More matter is heated by the SN shock for models with high. The explosion energy is low for stars with very small compactness parameter because their thin shells are inefficient at trapping neutrino energy and there is very little luminosity from accreting matter. The results for the W18 engine are not plotted, but closely follow the N20 points plotted here.

It is also interesting to compare the correlation between 56 Ni production and the explosion energy, especially since both can potentially be measured. Two classes of events are expected—the stars above 12 and stars below A slight positive correlation of 56 Ni with explosion energy is also expected in the more massive stars. Figure 17 supports these expectations, but shows that the variation of 56 Ni production in stars above 13 is really quite small.

While it may be tempting to draw a straight line through the full data set, this obscures what is really two different sorts of behavior. It is important to note that about half of all observable SNe in the current survey have masses below 12 Table 4. Amount of 56 Ni nucleosynthesis vs.

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  • Introduction.
  • Models below an initial mass of 12 half of all SNe explode easily and produce small amounts of nickel that correlate with their explosion energy. Higher-mass models, on the other hand, produce a nearly constant 0.

    The results for the W18 engine, though not plotted here for clarity, look very similar to those of N The observations Hamuy ; Spiro et al. Our lowest 56 Ni synthesis, in a successful SN that left a neutron star remnant, was 0. Table 7 gives a substantially different value for 56 Ni synthesis in the 9.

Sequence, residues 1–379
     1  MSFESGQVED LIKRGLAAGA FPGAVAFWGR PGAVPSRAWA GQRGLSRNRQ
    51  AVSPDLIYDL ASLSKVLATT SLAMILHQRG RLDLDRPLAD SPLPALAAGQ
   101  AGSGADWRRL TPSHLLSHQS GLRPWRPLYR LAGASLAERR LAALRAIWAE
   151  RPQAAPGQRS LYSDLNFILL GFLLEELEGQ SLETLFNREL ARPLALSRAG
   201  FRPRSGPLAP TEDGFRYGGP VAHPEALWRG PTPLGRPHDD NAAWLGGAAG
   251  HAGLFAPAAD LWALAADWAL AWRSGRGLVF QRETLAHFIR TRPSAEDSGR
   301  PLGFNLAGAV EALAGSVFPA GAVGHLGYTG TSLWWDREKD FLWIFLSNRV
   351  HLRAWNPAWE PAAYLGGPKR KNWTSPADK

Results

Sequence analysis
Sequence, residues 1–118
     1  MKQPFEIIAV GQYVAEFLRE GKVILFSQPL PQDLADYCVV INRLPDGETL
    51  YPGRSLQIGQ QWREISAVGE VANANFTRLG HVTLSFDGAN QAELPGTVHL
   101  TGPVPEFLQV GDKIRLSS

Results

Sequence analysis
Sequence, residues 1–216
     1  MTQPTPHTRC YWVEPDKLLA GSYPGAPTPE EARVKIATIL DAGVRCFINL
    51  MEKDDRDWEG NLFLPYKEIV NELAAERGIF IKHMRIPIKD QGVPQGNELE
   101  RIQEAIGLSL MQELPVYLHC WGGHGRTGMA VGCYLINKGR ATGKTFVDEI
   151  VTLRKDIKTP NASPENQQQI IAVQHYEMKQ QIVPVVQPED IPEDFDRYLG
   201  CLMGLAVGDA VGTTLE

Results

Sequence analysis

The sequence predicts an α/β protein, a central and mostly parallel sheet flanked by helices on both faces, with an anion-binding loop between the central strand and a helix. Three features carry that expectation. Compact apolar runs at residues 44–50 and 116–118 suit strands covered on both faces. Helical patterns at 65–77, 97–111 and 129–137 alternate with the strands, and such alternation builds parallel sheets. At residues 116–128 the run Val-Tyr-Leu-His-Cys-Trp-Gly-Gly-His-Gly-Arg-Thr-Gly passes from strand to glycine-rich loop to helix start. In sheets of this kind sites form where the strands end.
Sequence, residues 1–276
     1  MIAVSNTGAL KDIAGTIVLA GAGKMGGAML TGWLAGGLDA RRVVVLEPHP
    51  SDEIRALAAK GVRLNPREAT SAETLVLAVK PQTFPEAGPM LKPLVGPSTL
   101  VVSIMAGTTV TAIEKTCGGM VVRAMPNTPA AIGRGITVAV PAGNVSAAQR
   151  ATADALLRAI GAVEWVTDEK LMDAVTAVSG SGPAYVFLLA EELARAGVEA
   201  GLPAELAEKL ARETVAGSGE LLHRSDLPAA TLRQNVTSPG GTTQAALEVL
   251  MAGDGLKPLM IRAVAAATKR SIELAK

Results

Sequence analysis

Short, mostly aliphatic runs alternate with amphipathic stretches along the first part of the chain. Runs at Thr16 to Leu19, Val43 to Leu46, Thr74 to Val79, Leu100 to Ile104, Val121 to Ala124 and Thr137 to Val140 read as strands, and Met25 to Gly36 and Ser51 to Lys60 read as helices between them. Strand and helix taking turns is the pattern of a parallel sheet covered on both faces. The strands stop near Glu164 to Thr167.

Because the shock-produced 56 Ni is very small in these low-mass stars, the neutrino wind contribution is non-negligible. In that calculation all iron-group and trans-iron species in the neutrino-powered wind are represented by 56 Ni if neutrino interactions lead to. Otherwise, 56 Ni is replaced by a "tracer nucleus" for neutron-rich species.

    The network employed does not therefore track the composition in detail.

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    For heavier stars that make most of the elements, this small difference is negligible, but for these very light stars it is not. It is also possible to get still smaller values for 56 Ni in heavier stars that experience appreciable fallback. We note in passing that the 56 Ni produced by electron-capture SNe is mostly made in their neutrino-powered winds. On the upper end, one might be tempted to extend this correlation of 56 Ni production and kinetic energy to still more energetic events, including gamma-ray bursts and ultraluminous SNe Kushnir , but these other events likely have other explosion mechanisms, and the paper here is focused on nonrotating, neutrino-powered models.

    A distribution of gravitational masses can then be constructed by weighting the occurrence of each of our successful models according to a Salpeter IMF. Freire , in preparation in terms of overall spread and mean value. Our maximum neutron star mass for the W18 series is 1. Use of 10 km for the neutron star radius reduces these numbers to 1. Instead, the aim here is purely to provide a visual guide to the currently known measurements.

    Freire , in preparation. Several neutron stars with masses greater than the maximum mass plotted here have been observed, and the lightest observational masses have large error bars. In the top panel, the W18 calibration is used, and in the bottom, the N20 calibration. Both distributions show some weak evidence for bimodality around 1. Results have been color-coded to show the main-sequence masses contributing to each neutron star mass bin. Note that this is not a direct comparison to the observations, as the measured values may already include accretion i. Different mass neutron stars, for the most part, come from different ranges of main-sequence mass with lower-mass progenitors producing low-mass neutron stars.

    There is some overlap, however. Remnants from stars between 15 and 18 solar masses have slightly lower masses than some below 15 solar masses.